Code red: we're barely prepared for a borderless crisis
Worldwide, countries are barely prepared for major borderless crises such as extreme natural disasters or other unexpected calamities that destabilise society, Professor of Political Science, Arjen Boin, warns. In his inaugural address on 23 October he makes some recommendations.
Following 9/11, the Western world has done much to better organise the fight against attacks, disasters and other types of crises. However, this only applies for disasters with a clearly defined ground zero, says Boin. In terms of borderless crises, which extend beyond geographic, judicial, policy and public-private boundaries, we are helplessly unprepared. He bases his conclusions on his long-term research on crisis management over almost 25 years.
Boin mentions a few examples. Hundreds of deaths resulted when, in 2002, the SARS virus spread from China to nearly forty countries. In 2005, hundreds of Americans drowned after Hurricane Katrina broke the dikes around New Orleans, and the bankruptcy of the American bank Bear Stearns in 2008 led to a free fall of the American and European economies.
Cross-linking of critical systems
In his inaugural address, Boin analyses why this kind of borderless crisis is so difficult to curb. The increasing complexity and interwovenness of critical systems - such as electricity, Internet and financial systems - ensure that even a relatively small disturbance can quickly mutate and escalate into something much greater. Ready-made solutions are just not available, he says, but he advocates greater awareness and a better plan of attack.
No decision-making authority
It is only possible to intervene quickly if we understand how, in a complex system, incidents can develop into calamities. The European Union has already invested heavily in warning systems in many areas, says Boin. ‘But often nothing happens with this information because the organisations that monitor these situations rarely have decision-making powers.’ Moreover, information often gets stuck in the chain, making it difficult to quickly gain a clear picture. The conclusion is that information management needs to be organised better, from the level of the individual employee to the exchange of information between organisations.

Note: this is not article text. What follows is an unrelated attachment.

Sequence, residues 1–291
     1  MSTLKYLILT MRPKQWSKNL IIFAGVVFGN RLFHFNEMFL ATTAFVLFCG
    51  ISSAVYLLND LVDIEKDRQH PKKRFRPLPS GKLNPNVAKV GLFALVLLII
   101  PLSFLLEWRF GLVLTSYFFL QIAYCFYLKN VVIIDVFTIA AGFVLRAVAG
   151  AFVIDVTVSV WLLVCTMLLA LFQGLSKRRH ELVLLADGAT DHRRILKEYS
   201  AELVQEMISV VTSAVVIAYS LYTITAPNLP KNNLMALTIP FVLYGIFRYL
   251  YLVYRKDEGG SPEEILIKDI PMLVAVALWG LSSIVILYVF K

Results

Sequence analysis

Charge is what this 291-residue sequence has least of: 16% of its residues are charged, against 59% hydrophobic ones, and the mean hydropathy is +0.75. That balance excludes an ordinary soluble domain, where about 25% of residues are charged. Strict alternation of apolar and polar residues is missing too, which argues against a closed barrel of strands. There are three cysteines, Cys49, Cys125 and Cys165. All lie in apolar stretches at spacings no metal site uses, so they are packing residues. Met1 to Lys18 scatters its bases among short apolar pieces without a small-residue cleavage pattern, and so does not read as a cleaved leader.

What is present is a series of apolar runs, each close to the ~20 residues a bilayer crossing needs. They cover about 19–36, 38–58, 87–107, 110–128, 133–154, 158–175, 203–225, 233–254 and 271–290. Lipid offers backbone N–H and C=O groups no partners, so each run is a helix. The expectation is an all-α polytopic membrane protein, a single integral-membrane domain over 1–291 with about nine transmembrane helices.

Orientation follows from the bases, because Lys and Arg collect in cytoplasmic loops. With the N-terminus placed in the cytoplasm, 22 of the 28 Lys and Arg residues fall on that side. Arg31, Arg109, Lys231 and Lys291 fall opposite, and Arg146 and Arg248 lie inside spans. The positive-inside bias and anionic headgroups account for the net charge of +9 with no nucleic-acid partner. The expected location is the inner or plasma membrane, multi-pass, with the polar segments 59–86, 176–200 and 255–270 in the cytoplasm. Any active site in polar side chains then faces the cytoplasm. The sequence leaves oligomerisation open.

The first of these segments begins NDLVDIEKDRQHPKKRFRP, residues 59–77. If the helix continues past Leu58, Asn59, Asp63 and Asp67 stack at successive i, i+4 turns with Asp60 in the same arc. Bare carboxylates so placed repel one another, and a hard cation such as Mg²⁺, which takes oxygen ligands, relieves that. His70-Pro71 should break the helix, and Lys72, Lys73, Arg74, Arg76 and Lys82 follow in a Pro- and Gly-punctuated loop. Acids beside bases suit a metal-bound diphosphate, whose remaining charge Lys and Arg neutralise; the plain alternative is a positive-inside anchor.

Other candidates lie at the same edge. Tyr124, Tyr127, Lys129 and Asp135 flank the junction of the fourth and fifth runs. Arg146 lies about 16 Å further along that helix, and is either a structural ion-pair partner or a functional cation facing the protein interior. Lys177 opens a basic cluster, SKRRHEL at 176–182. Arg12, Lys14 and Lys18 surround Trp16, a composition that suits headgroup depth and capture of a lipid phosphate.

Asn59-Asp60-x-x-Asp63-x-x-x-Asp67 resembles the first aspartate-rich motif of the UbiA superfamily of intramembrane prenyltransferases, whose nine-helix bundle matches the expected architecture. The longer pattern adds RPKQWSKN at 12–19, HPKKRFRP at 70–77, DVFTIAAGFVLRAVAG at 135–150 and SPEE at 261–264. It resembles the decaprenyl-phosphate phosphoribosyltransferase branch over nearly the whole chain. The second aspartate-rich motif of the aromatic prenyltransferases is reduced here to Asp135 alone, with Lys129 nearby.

Who should take the lead?
During a borderless crisis, there is a great deal of uncertainty at the highest levels about the division of tasks. Boin: ‘The plan of attack lands on many administrative desks and it is often unclear which management team should take the lead.’ It is crucial that critical decisions are made by the right people and/or bodies and clear agreements are needed here. He studies the crisis capacities and competences of EU institutions in international research groups and makes recommendations.
Coping with uncertainty
What is missing is a political philosophy for crisis management. What kind of mindset is best suited for dealing with a crisis? Together with the political scientist Chris Ansell from Berkeley University, Boin developed a pragmatism-inspired guide for crisis management that they are testing in talks with successful crisis managers. Coping with uncertainty is an important part of this. ‘The tendency is to want to wait to get as much information as possible to make good decisions, but time isn’t on your side. You shouldn't try to get rid of uncertainty. You're better off acting quickly and discovering what is needed by trial and error. On that basis, you can decide what is the best large-scale approach.’
Boin has just finished his book about the catastrophic effects of Hurricane Katrina, which gives some lessons for the fight against this kind of major disaster. In addition, through his own agency, Crisisplan BV, he gives training courses to directors and managers. The agency has countless disaster scenarios, such as a terrorist attack during Leidens Ontzet (the Relief of Leiden) or King’s Day. But he won't be talking about this. ‘My training is particularly about coping with uncertainty, because a borderless crisis is especially unpredictable.’